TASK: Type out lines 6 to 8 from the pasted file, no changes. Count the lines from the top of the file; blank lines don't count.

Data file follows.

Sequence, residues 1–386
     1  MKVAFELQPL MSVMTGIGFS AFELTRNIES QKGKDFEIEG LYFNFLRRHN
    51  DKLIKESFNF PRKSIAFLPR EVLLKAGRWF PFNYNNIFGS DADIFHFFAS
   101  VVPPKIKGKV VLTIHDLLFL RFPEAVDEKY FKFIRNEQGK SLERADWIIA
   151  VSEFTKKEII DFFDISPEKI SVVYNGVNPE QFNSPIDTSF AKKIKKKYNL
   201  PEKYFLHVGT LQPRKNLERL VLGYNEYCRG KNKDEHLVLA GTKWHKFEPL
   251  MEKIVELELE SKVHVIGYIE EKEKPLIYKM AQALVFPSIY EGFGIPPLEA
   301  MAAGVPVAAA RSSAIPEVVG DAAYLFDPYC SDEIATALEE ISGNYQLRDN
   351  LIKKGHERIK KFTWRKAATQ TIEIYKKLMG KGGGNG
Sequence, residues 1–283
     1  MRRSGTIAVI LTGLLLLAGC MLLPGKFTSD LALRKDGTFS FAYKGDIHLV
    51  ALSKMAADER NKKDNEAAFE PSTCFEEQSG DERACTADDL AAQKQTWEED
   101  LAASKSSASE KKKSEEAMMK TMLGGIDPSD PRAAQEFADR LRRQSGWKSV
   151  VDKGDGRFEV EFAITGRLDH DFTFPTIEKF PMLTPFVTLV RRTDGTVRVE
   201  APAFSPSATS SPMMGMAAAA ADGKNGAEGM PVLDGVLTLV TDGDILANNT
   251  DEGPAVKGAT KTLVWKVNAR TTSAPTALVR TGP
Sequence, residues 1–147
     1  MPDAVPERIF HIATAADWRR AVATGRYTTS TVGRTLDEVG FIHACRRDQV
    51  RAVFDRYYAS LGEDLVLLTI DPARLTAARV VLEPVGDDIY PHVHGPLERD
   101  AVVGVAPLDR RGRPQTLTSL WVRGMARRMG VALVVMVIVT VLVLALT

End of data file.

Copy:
   201  PEKYFLHVGT LQPRKNLERL VLGYNEYCRG KNKDEHLVLA GTKWHKFEPL
   251  MEKIVELELE SKVHVIGYIE EKEKPLIYKM AQALVFPSIY EGFGIPPLEA
   301  MAAGVPVAAA RSSAIPEVVG DAAYLFDPYC SDEIATALEE ISGNYQLRDN